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Self-tracking of/and time: from technological to biographical and political temporalities of work and sitting

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posted on 2022-08-12, 11:28 authored by Paula SaukkoPaula Saukko, Amie Weedon
Self-tracking devices have been observed to accelerate time, be used sporadically and busyness being a barrier to use at work. Drawing on notion of multiple temporalities, this article expands the focus on temporalities of users’ engagement with technologies to analysing them within broader biographical, institutional and political times. The argument is grounded in interviews with UK public sector office workers self-tracking sitting time that featured the following three themes: (1) the participants related their sitting to deteriorated work conditions after government austerity politics and redundancies, (2) the pressurised rhythm of work made it difficult to reduce sitting time and fostered a sense of discontent and powerlessness and (3) the workers did not self-track in their free time, defined as free from monitoring. We suggest that the analytical lens of multiple temporalities expands understanding of user experiences as well as illuminates lived contemporary political and institutional times, characterised by both discontent and powerlessness.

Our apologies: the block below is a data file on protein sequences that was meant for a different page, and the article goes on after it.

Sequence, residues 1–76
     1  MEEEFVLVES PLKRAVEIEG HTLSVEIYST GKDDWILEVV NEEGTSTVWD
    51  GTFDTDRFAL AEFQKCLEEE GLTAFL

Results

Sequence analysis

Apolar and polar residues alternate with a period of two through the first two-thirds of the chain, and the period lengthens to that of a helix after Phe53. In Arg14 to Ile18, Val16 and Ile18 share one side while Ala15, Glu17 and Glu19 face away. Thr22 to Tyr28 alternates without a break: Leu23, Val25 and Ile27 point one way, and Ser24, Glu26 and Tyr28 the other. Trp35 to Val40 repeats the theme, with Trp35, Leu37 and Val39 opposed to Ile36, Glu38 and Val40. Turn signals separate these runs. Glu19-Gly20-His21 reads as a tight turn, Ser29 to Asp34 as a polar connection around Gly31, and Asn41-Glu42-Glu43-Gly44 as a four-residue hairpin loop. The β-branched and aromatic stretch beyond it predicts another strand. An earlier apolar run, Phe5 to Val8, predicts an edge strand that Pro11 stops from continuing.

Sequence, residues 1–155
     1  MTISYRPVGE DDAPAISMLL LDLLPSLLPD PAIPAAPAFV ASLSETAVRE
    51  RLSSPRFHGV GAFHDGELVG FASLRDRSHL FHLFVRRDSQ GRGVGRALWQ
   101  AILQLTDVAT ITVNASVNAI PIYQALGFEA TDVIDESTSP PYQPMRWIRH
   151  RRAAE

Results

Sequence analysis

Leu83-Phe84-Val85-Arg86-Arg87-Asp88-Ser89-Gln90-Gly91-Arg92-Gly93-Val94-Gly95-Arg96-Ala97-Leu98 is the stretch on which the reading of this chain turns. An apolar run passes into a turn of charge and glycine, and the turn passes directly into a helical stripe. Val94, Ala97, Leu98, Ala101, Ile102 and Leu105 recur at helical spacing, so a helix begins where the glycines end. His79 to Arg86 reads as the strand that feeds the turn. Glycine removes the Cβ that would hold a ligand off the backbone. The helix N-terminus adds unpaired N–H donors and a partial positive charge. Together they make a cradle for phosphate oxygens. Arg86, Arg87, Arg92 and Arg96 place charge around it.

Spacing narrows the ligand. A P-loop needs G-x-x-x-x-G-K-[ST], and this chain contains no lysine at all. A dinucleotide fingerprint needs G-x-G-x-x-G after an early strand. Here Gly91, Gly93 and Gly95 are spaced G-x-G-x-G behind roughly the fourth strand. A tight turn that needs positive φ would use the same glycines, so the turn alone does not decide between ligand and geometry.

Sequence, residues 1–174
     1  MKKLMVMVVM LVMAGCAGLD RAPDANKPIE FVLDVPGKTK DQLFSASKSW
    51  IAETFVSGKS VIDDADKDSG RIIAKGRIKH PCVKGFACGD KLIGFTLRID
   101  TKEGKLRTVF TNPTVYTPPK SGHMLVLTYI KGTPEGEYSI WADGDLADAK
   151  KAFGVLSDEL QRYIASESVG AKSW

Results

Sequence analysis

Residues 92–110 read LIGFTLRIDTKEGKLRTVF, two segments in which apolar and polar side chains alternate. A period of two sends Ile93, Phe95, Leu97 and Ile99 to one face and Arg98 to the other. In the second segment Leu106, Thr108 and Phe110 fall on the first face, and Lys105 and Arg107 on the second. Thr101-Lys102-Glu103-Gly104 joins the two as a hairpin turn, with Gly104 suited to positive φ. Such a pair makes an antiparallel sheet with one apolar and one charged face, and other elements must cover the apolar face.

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Loughborough University

History

School

  • Social Sciences and Humanities

Department

  • Criminology, Sociology and Social Policy

Published in

New Media & Society

Volume

24

Issue

8

Pages

1813 - 1829

Publisher

SAGE Publications

Version

  • VoR (Version of Record)

Rights holder

© The Authors

Publisher statement

This is an Open Access Article. It is published by SAGE under the Creative Commons Attribution 4.0 International Licence (CC BY 4.0). Full details of this licence are available at: https://creativecommons.org/licenses/by/4.0/

Acceptance date

2020-12-03

Publication date

2020-12-23

Copyright date

2020

ISSN

1461-4448

eISSN

1461-7315

Language

  • en

Depositor

Dr Paula Saukko. Deposit date: 9 December 2020

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